Determinant of Matrix Product/Proof 3

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Theorem

Let $\mathbf A = \sqbrk a_n$ and $\mathbf B = \sqbrk b_n$ be a square matrices of order $n$.

Let $\map \det {\mathbf A}$ be the determinant of $\mathbf A$.

Let $\mathbf A \mathbf B$ be the (conventional) matrix product of $\mathbf A$ and $\mathbf B$.


Then:

$\map \det {\mathbf A \mathbf B} = \map \det {\mathbf A} \map \det {\mathbf B}$


That is, the determinant of the product is equal to the product of the determinants.


Proof

The Cauchy-Binet Formula gives:

$\displaystyle \det \left({\mathbf A \mathbf B}\right) = \sum_{1 \mathop \le j_1 \mathop < j_2 \mathop < \cdots \mathop < j_m \le n} \det \left({\mathbf A_{j_1 j_2 \ldots j_m}}\right) \det \left({\mathbf B_{j_1 j_2 \ldots j_m}}\right)$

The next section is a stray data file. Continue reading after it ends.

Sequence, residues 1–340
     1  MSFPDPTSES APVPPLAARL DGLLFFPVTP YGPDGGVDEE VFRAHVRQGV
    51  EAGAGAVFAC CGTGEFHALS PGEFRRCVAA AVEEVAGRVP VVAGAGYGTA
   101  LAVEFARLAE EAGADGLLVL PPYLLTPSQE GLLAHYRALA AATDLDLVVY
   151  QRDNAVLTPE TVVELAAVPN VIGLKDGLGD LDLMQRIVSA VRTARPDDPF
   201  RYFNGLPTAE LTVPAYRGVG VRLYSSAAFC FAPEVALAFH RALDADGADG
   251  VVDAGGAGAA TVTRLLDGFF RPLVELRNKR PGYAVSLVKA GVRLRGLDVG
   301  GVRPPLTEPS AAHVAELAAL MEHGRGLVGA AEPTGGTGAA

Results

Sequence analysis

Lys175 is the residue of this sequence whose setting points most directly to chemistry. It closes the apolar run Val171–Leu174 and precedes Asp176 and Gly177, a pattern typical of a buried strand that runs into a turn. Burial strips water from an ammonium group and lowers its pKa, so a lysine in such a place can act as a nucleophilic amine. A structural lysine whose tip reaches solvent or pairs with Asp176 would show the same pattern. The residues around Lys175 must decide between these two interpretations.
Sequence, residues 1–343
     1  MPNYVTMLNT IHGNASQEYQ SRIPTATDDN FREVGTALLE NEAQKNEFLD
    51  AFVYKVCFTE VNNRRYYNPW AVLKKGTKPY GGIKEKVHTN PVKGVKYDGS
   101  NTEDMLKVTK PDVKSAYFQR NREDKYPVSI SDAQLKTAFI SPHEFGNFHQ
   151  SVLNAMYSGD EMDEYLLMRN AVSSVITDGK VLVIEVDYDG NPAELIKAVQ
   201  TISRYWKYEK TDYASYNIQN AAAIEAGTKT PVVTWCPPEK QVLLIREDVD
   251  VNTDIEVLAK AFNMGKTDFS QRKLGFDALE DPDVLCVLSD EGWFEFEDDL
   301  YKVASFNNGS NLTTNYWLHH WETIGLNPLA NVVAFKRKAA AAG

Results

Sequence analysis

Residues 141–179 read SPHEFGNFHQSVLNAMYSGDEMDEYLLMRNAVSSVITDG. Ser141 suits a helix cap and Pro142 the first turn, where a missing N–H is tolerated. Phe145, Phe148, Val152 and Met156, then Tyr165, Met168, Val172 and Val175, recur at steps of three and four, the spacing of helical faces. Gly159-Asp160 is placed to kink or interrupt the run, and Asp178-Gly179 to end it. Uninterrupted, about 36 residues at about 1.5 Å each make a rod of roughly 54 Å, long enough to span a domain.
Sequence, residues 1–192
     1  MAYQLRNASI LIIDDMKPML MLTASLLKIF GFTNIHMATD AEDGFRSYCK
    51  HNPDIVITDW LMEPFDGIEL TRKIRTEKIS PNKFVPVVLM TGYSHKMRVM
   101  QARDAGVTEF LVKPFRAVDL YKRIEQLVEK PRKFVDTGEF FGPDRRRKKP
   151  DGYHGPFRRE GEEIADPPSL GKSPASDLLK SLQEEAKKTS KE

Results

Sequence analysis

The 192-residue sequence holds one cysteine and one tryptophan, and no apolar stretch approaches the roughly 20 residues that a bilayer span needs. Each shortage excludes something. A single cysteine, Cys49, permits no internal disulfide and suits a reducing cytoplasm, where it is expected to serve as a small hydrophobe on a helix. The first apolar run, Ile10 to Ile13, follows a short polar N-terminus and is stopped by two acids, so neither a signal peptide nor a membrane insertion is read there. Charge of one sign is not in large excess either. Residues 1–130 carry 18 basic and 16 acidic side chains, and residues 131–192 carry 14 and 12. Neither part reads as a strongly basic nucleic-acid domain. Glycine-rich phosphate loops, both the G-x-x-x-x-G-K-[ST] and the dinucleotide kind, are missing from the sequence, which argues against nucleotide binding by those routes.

where:

$\mathbf A$ is an $m \times n$ matrix
$\mathbf B$ is an $n \times m$ matrix.
For $1 \le j_1, j_2, \ldots, j_m \le n$:
$\mathbf A_{j_1 j_2 \ldots j_m}$ denotes the $m \times m$ matrix consisting of columns $j_1, j_2, \ldots, j_m$ of $\mathbf A$.
$\mathbf B_{j_1 j_2 \ldots j_m}$ denotes the $m \times m$ matrix consisting of rows $j_1, j_2, \ldots, j_m$ of $\mathbf B$.

When $m = n$, the only set $j_1, j_2, \ldots, j_m$ that fulfils $1 \le j_1 < j_2 < \cdots < j_m \le n$ is $\left\{ {1, 2, \ldots, n}\right\}$.

Hence the result.

$\blacksquare$


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